- POSTED: 04 Aug 2014 07:34
Caregivers say they are not averse to letting their charges work, but more could be done to assuage their concerns about the work environment.
SINGAPORE: As efforts continue to help people with disabilities find employment, the challenge, it appears, is not with getting enough companies to offer vacancies, but also in assuaging the concerns of caregivers about letting their charges go to work.
Checks showed that as of last month, there were 390 job vacancies from companies under the Open Door Programme – a scheme the Government expanded in April with a S$30 million fund injection to boost the employment of people with disabilities. But since January, SG Enable, an agency which provides services for the disabled, has managed to place only 111 people with disabilities in employment.
Caregivers TODAY spoke to said that although they were not averse to letting their charges work, more could be done to assuage their concerns about the work environment, which are holding some back from letting their charges step into the workforce.
Mrs Susan Koh, whose teenage son Gary has autism, said her main concern is if his co-workers “also accept him as he is”. She hopes that when her son goes out to work, there would be an officer who can monitor how he adapts to the workplace and socialises.
She added that she hopes potential employers who redesign jobs for people with disabilities would be flexible enough to accommodate the varying needs of their hires, such as letting those with autism work for only a few hours a day, given that it is hard for them to concentrate for long.
Mrs Margaret Goh, whose son Goh Jin Kian, 20, has Down’s syndrome and started an internship doing food production at Han’s cafe last year, agreed that it can be a nerve-racking time for caregivers when their charges land a job.
“Frankly, we really did not know what to expect as this was my son’s first attempt to work in an open employment setting. I was naturally anxious for him,” the housewife said, adding that she feared he would not inform her if he faced any issues at work.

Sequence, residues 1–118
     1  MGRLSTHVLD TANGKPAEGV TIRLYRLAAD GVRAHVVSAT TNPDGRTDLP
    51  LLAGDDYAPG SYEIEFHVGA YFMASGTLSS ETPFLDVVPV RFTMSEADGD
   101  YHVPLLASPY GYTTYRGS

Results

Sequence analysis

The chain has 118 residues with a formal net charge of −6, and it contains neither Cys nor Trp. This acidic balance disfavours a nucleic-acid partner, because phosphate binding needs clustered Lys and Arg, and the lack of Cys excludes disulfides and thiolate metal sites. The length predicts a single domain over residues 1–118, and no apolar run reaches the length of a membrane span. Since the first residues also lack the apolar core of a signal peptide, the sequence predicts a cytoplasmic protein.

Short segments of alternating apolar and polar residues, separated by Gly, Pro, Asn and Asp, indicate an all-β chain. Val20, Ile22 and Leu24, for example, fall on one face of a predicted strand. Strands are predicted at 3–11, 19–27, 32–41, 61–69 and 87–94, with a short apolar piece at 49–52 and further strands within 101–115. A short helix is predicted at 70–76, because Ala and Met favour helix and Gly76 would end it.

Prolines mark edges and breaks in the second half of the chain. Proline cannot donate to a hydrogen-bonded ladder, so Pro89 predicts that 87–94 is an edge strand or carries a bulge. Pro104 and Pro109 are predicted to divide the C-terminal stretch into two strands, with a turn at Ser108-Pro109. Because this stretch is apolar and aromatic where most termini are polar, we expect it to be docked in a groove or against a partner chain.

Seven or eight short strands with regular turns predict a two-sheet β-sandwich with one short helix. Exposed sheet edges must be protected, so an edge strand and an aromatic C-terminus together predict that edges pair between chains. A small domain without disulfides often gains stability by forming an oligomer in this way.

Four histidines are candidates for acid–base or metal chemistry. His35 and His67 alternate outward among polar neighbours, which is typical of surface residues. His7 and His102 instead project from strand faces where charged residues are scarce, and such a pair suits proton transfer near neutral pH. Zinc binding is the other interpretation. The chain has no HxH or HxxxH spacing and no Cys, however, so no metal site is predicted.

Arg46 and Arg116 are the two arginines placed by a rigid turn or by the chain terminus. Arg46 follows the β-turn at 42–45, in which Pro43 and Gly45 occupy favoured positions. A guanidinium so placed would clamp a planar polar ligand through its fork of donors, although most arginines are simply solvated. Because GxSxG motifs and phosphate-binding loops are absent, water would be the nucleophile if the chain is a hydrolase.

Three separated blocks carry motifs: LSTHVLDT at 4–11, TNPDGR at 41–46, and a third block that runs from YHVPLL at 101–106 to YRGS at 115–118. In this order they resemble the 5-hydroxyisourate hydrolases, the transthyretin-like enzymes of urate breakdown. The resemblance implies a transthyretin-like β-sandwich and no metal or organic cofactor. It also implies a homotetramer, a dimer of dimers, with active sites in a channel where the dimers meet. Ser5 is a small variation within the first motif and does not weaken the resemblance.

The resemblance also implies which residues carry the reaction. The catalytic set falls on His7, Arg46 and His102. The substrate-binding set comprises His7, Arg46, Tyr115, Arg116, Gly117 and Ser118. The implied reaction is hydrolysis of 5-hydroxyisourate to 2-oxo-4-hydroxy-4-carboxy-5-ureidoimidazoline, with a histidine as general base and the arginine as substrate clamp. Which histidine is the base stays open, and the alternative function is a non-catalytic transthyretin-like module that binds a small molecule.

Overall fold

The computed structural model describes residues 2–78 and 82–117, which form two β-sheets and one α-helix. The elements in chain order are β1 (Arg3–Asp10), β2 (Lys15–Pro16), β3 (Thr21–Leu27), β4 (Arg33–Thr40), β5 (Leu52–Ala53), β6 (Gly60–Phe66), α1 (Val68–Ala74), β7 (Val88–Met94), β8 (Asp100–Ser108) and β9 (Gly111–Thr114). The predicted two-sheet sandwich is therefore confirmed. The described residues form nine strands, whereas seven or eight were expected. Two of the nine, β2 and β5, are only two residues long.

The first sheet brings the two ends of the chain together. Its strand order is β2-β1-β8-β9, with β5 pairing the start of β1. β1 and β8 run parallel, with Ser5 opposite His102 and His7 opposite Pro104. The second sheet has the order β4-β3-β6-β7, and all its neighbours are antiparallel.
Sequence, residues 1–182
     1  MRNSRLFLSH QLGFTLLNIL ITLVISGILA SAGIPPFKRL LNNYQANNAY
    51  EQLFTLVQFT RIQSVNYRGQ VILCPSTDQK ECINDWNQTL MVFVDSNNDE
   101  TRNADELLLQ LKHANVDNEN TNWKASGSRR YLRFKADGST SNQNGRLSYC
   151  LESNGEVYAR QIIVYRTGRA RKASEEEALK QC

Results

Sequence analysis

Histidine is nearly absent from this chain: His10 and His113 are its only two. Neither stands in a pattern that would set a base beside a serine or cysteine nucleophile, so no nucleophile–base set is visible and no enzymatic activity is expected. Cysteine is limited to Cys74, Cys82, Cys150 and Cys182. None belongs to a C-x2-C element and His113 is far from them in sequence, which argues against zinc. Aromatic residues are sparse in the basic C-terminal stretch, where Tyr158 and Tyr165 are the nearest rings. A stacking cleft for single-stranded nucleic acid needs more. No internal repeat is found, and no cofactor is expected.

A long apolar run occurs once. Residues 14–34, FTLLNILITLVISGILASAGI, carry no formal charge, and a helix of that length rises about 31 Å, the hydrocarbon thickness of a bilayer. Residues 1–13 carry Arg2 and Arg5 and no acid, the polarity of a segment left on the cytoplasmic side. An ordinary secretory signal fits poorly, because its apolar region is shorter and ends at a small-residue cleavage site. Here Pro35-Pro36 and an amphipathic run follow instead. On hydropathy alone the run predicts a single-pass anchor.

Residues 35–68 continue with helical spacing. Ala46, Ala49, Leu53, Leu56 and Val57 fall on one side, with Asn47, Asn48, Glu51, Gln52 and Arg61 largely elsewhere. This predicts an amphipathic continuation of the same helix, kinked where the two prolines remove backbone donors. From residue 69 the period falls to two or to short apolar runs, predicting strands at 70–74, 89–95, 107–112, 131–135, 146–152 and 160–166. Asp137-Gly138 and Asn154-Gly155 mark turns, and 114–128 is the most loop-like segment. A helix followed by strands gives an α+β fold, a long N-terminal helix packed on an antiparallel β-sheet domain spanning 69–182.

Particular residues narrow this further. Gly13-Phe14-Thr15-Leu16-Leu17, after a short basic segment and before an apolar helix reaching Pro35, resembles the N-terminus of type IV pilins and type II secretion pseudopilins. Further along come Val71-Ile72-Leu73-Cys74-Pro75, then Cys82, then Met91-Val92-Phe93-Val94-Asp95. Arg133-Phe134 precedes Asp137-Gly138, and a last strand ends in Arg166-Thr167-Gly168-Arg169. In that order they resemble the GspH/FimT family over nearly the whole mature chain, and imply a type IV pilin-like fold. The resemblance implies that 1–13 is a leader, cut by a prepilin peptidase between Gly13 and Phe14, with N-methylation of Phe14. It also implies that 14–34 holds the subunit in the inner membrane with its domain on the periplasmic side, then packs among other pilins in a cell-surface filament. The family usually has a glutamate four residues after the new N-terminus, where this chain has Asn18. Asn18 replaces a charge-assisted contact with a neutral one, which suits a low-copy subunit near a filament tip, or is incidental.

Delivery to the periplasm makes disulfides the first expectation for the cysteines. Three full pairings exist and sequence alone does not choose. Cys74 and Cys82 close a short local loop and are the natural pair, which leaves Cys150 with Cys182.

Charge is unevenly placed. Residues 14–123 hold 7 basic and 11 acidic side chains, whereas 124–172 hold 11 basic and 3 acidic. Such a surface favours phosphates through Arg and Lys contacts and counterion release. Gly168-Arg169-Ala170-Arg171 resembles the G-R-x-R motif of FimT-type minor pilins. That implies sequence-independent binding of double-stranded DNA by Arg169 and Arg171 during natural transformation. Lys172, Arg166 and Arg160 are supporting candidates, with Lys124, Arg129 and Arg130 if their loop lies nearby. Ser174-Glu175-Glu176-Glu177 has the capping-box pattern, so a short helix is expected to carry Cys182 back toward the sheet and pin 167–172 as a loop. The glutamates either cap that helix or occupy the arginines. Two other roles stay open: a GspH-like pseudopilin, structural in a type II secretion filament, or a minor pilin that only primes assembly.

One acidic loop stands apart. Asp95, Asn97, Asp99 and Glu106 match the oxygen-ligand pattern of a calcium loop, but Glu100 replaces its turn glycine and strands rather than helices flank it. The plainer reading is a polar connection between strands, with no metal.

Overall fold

But her worries were assuaged when Han’s gave her an orientation of the work space and allowed her to coach her son in his first two weeks of work until he had settled in.
His son is very happy at work now, she said, and even asked to go in before his shift so he could have lunch with his friends. She attributed these to Han’s being very encouraging, citing how owner Han Choon Fook had even asked her son how he would like to be addressed – his colleagues now call him “Mr Goh”.
“There is dignity in what he’s doing,” she said.
Associate Professor Noel Chia, who focuses on special needs education, said parents’ hesitation to let their children with disabilities work is caused by the lack of an “emotional transition” between when they realise their child was different to when they learn to let go. “They will continue to see their teenage child as a vulnerable individual in the world outside family or home,” he noted.
“Unless there is a proper transition by a counsellor, social worker or family therapist trained to provide such advice to parents helping them to accept this separate identity, parents will not learn or be prepared to accept separateness of their adult child with special needs.”
Society for the Physically Disabled executive director Abhimanyau Pal added: “It is not unexpected that caregivers of some people with disabilities, especially those who acquire their disabilities through a life-threatening experience, would be more concerned about their loved one’s well-being and so become more cautious, especially when they are presented with choices that seem to test their limits.
“We need to manage the expectations of both the employer and employee to facilitate successful job matching. It helps when employers are also open to job redesigning so that a role can be broken down into functions and redistributed according to abilities.”